Delicious local wine from spots you may not have heard of.
To really get a feel for a destination, sip a glass of its wine. Like homegrown culinary ingredients, wine is born of local soil and helps tell the story of a region’s topography, weather, flavor preferences, culture and history—and in many cases, its sustainable practices, too.
Best of all, it isn’t just splashy places like Tuscany and the Napa Valley that have these stories to tell, but also an increasing number of spots with emerging or revived wine scenes. Here are five lesser-known wine destinations around the world that are worth a visit—and a place on your wine rack.
VERDE VALLEY, ARIZONA
The hot desert landscapes of Arizona don’t exactly scream “wine country,” but to find some of the state’s increasingly notable wine production, you need to head higher—specifically, into the hills around Sedona. There, in an area not far from Grand Canyon National Park, are the cool, dry “high desert” climates needed to produce varietals such as Syrah, Grenache, Viognier and Petite Syrah similar to what you would find in the Southern Rhone region of France.
Enjoy a scenic drive up from the wellness hub of Sedona to follow the Verde Valley wine trail (download a map at vvwinetrail. com), which fans out around the town of Cottonwood. At Page Springs Cellars, you can stroll the vineyards, taste the wines, savor flavorful bites at The Bistro (or order a picnic to enjoy on the grounds), and even book a yoga session or massage. You can also make a day of it at Javelina Leap Vineyard & Winery, a family-owned spot where you can tour the production facilities (reservations are required during the harvest season), then sample the wares paired with artisan pizzas and antipasti boards out in the Secret Garden.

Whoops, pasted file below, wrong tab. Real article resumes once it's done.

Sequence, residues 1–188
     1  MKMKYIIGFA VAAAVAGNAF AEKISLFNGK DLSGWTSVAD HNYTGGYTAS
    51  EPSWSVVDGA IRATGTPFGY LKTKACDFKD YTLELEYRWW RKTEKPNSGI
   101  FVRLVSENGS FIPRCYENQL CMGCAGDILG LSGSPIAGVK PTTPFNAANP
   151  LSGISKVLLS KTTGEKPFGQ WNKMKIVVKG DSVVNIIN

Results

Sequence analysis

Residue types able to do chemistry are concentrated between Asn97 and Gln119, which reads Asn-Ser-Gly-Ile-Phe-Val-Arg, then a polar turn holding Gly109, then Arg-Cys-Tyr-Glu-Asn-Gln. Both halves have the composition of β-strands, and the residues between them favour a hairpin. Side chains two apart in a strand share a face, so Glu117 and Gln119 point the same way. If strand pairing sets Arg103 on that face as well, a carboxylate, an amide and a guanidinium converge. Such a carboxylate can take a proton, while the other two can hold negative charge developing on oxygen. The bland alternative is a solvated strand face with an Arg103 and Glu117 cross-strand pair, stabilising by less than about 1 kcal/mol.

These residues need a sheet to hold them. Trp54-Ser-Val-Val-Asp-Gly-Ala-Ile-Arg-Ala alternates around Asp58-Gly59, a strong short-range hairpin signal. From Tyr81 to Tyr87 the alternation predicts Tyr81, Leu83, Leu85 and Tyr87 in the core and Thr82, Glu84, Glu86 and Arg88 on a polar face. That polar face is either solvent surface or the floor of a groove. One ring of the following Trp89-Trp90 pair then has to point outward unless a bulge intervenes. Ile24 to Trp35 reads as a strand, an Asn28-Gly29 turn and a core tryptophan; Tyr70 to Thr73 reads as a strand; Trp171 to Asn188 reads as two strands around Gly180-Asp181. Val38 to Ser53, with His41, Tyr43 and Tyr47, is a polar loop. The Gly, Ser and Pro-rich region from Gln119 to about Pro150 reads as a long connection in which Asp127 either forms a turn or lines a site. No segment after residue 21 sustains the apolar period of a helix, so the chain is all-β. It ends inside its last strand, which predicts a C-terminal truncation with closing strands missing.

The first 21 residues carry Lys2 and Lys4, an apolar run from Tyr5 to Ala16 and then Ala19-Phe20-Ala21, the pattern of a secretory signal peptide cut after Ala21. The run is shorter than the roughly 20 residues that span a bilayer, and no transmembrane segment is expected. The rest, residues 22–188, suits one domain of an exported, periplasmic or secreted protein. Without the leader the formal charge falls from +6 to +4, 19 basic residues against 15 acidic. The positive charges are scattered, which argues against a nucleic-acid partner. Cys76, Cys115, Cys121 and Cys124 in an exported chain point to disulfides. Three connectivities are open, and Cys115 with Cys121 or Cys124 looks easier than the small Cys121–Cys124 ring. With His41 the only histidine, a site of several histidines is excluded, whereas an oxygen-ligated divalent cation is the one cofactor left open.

Guests of one of our favorite resorts in the area, L’Auberge de Sedona, will also find Arizona wines in their rooms and on the bar menus—including two blends custom made for the hotel.
While Croatian wine has been generating more interest internationally these last few years, most of the attention is focused on vintages created on the mainland or on the lush Istrian peninsula. But hop a couple hours’ speedboat ride from tourist hub Dubrovnik and you’ll come to an island with some of the oldest continuously planted vineyards in the world—and a landscape system which dates back to the Ancient Greeks.
Best known as a destination for summer fun, the island of Hvar has, in its interior, the Stari Grad Plain, a UNESCO World Heritage Site that’s one of the best remaining examples of the Greek chora (stone wall) land-parceling system. On an excursion with Hvar Wine Tours, you’ll see this innovative system firsthand to learn how it was used to cultivate crops, including grapes, then visit a selection of wineries to taste firsthand traditional varieties like Plavac Mali. While some of the wine here is being made by experts who’ve moved to the island from abroad, you won’t find any large, corporate productions here; instead, chances are that you’ll meet the winemakers or owners themselves as you sip your way through villages like Jelsa and Svirce.
Don’t miss a stop at the intimate Duboković, run by a passionate second-generation winemaker (the operation here is so familial, you might even snag a bottle of something before it’s officially released), and to the PZ Svirce co-op, which has produced award-winning organic wines. There are even “underwater” tasting rooms on the island, if you are feeling more adventurous.
PRINCE EDWARD COUNTY, CANADA